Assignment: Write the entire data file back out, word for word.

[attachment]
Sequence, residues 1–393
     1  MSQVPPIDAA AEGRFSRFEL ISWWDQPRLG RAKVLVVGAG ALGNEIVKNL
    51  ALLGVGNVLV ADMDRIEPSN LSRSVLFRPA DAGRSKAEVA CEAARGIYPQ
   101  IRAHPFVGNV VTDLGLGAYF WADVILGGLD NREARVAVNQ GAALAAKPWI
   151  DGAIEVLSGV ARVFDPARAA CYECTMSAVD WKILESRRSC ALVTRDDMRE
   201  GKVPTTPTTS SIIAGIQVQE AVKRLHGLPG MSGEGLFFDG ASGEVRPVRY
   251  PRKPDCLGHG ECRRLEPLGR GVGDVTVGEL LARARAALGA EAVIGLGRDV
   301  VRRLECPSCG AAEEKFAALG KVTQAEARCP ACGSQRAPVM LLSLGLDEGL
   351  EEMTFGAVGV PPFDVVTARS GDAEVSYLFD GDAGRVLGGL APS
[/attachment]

Sequence, residues 1–393
     1  MSQVPPIDAA AEGRFSRFEL ISWWDQPRLG RAKVLVVGAG ALGNEIVKNL
    51  ALLGVGNVLV ADMDRIEPSN LSRSVLFRPA DAGRSKAEVA CEAARGIYPQ
   101  IRAHPFVGNV VTDLGLGAYF WADVILGGLD NREARVAVNQ GAALAAKPWI
   151  DGAIEVLSGV ARVFDPARAA CYECTMSAVD WKILESRRSC ALVTRDDMRE
   201  GKVPTTPTTS SIIAGIQVQE AVKRLHGLPG MSGEGLFFDG ASGEVRPVRY
   251  PRKPDCLGHG ECRRLEPLGR GVGDVTVGEL LARARAALGA EAVIGLGRDV
   301  VRRLECPSCG AAEEKFAALG KVTQAEARCP ACGSQRAPVM LLSLGLDEGL
   351  EEMTFGAVGV PPFDVVTARS GDAEVSYLFD GDAGRVLGGL APS